S. S. Kresge: Gilbert Cemetery's most famous son
LINDA KOEHLER/TIMES NEWS The S. S. Kresge mausoleum is an edifice that befits the final resting place of a remarkable man.
If you drive by the Gilbert Cemetery between Long Mountain Road and Gilbert/Effort Road, you'll notice an impressive mausoleum. Inside rests the remains of Sebastian Spering Kresge, July 31, 1867 - October 18, 1966.
Kresge is a very common name to the area. So who was that he could afford such an elaborate burial site?
How about S. S. Kresge. Does that ring any bells?
He was founder of the S. S. Kresge Company, one of the 20th century's largest and best-known retail organizations. The company was later renamed Kmart Corporation in 1977, and evolved into today's Sears Holdings Corporation, parent of Kmart and Sears.
Kresge was born in Bald Mountain (near Wilkes-Barre), the son of Sebastian Kresge and Catherine Kunkle.
Living on the family farm until he was 21, he was educated in the local public schools and at the Fairview Academy in Brodheadsville and Polytechnic Institute in Gilbert. He taught one winter in the Gower School for $22 a month. After graduation, he went to the Eastman Business College, from which he graduated in March, 1889.
In 1897, Kresge started with James G. McCrory (founder of J.G. McCrory's) at a five and ten cent store in Memphis, Tn. In 1899 he founded his company with Charles J. Wilson with an $8,000 investment in two five-and-ten-cent stores, one in downtown Detroit, (for which he traded ownership in McCrory's).
He incorporated the S. S. Kresge Corporation with 85 stores in 1912. During World War I, Kresge experimented with raising the limit on prices in his stores to $1.
Kresge opened the first Kmart in 1962. He died in 1966. In 1977, the S. S. Kresge Corporation changed its name to Kmart Corporation. In 2005, Sears Holdings Corporation became the parent of Kmart and Sears, after Kmart bought Sears, and formed the new parent.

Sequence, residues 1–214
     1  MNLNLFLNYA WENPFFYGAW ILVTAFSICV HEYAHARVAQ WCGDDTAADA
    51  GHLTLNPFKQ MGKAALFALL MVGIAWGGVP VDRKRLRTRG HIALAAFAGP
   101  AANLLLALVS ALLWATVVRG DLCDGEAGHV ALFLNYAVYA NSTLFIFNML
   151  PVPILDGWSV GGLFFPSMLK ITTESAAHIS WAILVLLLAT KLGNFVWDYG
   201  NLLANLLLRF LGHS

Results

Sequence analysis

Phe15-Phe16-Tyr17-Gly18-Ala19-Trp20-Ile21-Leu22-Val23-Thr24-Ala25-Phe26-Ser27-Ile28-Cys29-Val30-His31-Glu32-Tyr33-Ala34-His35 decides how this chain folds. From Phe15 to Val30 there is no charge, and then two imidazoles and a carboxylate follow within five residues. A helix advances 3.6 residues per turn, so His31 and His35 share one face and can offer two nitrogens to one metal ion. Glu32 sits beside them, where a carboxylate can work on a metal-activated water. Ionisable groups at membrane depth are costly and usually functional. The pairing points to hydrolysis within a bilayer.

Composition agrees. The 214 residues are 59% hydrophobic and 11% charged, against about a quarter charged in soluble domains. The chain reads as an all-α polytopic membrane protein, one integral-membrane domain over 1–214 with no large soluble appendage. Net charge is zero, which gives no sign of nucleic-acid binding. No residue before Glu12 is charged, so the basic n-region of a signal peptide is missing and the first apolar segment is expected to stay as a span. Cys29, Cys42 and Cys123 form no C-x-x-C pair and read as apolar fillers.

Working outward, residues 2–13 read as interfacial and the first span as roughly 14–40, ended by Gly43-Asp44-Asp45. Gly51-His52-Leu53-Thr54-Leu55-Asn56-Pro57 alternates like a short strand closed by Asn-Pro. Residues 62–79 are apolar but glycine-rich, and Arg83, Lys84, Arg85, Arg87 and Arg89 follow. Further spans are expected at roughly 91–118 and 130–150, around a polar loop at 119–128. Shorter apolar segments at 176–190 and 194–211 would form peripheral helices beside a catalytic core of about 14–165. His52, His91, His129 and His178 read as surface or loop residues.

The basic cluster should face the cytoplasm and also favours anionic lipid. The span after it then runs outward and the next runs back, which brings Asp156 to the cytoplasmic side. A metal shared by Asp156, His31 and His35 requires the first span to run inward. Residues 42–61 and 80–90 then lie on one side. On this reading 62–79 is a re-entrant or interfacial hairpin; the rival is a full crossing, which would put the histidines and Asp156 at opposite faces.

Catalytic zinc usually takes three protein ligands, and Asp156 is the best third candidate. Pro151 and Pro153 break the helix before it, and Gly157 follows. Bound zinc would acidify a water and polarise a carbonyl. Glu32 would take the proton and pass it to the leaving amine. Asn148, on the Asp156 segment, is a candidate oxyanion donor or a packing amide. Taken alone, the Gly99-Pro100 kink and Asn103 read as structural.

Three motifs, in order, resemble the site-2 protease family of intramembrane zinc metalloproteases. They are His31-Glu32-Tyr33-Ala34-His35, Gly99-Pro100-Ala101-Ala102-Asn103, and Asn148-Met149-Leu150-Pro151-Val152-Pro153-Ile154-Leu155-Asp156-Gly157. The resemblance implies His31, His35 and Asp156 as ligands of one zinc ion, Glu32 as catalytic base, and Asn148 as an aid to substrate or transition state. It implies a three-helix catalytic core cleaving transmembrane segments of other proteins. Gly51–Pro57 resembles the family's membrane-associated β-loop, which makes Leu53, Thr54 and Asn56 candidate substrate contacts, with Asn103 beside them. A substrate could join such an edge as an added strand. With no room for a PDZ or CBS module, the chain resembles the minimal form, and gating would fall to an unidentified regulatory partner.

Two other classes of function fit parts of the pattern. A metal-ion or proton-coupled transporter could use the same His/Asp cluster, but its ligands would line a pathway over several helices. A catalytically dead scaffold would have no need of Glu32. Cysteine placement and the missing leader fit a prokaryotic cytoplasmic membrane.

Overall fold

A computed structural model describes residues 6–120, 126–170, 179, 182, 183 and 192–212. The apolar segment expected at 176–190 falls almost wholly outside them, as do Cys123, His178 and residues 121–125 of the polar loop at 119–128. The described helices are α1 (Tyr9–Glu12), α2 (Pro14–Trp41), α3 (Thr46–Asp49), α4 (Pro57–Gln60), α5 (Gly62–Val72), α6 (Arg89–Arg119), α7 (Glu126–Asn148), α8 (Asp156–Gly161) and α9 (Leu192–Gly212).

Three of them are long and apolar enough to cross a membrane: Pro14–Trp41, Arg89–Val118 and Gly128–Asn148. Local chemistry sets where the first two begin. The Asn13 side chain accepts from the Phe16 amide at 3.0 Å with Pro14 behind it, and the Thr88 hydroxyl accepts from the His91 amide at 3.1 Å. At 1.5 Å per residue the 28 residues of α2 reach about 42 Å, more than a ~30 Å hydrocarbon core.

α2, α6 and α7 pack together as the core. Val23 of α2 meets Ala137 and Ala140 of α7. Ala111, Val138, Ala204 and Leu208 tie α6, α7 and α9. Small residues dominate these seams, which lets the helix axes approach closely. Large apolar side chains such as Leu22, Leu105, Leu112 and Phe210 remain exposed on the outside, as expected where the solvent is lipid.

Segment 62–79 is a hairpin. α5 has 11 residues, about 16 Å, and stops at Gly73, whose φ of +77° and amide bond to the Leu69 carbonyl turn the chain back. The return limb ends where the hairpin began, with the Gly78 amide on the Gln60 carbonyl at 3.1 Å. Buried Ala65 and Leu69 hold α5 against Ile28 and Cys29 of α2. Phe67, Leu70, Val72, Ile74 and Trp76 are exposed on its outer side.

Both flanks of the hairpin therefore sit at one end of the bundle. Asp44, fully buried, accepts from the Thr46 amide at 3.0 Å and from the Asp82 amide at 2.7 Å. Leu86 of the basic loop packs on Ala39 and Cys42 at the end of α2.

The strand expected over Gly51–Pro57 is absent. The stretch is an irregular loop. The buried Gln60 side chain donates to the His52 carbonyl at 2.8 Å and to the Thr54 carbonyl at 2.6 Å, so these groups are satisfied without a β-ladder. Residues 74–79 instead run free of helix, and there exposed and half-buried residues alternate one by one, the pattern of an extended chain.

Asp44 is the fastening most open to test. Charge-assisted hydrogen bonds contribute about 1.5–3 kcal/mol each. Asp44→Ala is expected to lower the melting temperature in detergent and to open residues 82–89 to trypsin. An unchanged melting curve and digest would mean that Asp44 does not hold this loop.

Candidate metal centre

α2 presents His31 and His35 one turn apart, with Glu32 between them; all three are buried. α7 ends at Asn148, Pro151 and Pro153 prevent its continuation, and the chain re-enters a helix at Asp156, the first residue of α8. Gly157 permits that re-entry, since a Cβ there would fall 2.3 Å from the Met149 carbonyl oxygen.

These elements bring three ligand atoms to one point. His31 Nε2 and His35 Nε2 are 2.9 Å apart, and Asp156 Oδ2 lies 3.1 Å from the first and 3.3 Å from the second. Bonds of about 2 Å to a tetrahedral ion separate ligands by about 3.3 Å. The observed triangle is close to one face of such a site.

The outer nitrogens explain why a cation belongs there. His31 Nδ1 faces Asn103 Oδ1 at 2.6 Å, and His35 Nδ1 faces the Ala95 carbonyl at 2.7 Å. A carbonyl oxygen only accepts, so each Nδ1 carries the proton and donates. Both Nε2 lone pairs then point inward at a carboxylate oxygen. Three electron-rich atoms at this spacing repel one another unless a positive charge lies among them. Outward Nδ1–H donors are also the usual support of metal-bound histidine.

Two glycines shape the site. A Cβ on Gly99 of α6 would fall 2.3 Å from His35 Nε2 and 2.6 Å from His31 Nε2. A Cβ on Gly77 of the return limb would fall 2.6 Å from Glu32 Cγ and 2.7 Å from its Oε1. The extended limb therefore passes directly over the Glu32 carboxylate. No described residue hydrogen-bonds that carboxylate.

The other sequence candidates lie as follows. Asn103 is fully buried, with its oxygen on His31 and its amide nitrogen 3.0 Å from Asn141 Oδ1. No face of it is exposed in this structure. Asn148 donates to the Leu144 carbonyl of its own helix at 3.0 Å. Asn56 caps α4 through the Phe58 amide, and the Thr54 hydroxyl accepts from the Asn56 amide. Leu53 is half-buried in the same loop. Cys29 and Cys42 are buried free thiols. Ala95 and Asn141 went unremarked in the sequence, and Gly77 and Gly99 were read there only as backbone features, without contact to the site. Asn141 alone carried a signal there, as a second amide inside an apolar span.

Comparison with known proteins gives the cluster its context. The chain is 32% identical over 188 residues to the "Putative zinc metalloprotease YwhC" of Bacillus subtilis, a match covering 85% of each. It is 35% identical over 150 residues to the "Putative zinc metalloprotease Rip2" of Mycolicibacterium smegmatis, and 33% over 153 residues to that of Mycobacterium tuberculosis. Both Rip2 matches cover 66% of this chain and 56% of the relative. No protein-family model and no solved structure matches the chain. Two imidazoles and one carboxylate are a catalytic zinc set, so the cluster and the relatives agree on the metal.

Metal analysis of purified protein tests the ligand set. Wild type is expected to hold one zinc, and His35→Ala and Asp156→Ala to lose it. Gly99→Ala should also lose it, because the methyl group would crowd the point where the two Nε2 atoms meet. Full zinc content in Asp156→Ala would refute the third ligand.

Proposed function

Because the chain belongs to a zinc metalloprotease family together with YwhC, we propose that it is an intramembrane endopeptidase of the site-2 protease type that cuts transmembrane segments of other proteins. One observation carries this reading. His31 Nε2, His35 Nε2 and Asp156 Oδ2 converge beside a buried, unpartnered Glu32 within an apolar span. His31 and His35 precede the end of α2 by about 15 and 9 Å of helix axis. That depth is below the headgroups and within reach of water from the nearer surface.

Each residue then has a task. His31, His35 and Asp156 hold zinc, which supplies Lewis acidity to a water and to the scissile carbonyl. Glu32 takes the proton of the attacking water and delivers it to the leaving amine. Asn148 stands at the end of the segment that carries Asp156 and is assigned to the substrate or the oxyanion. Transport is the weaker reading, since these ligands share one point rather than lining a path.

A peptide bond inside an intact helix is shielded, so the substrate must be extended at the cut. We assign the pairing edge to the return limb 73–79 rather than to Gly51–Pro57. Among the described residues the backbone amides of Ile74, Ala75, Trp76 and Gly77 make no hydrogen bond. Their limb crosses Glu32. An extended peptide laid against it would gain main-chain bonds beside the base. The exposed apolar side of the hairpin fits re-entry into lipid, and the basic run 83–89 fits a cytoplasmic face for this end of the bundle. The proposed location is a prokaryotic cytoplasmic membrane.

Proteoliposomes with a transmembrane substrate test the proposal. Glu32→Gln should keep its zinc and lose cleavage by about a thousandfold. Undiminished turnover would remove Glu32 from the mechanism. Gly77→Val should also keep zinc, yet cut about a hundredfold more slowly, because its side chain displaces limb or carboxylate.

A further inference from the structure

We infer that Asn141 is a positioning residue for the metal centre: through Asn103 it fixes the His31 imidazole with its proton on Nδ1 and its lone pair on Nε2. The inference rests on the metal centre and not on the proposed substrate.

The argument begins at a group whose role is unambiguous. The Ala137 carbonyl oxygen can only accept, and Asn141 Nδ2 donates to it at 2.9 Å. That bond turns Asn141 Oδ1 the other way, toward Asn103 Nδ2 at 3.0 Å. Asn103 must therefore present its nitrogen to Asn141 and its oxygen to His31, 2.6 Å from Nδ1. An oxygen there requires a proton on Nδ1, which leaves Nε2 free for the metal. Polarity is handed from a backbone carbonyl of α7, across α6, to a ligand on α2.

It is said that Kresge was very frugal, even stingy, when it came to himself. But he spent millions on his fellow man.
In 1924, Kresge established The Kresge Foundation, a nonprofit organization whose income he specified simply "to promote the well-being of mankind." By the time of his death, Kresge had given the foundation over $60 million.
He donated $25,000 in 1929 for the building of a consolidated school, the Kresgeville High School (Polk High School and later, Polk Elementary School.)
He was married three times and had two sons and three daughters with his first wife.
Jeff Hinton, caretaker/secretary/treasurer of the Gilbert Cemetery says the story of Kresge buying his plot at the Gilbert Cemetery went something like this ...
Erwin Kreger (cemetery caretaker at the time) met with Kresge who wanted to buy land for his mausoleum in the same cemetery where his great-great-grandfather, the Pennsylvania-German pioneer Conrad Kresge was buried. Conrad had settled in the Gilbert area before the Revolution, where his 12-year-old son met death at the hands of a marauding band of Native Americans.
Erwin quoted a price, with S. S. saying, "I want wholesale. I'm not buying retail." Kreger responded with "Well, then you're not buying today." They went round and round and Kresge finally bought his land.
Kresge was 99 years old when he died in his home in East Stroudsburg.
According to Jeff, over the years the grounds of the mausoleum became neglected and the brass fence was stolen. About 10 years ago, Jeff took pictures and sent them to the S. S. Kresge Foundation. A week later, someone contacted Jeff, asking what they could do. Jeff talked to the president of the Kresge Reunion, Earl Kresge, who said he'd get in contact with the Foundation. Soon after, a new fence was installed and a landscaper came in and cleaned up the property. It has been beautifully maintained ever since - a resting place that befits a great American entrepreneur and philanthropist.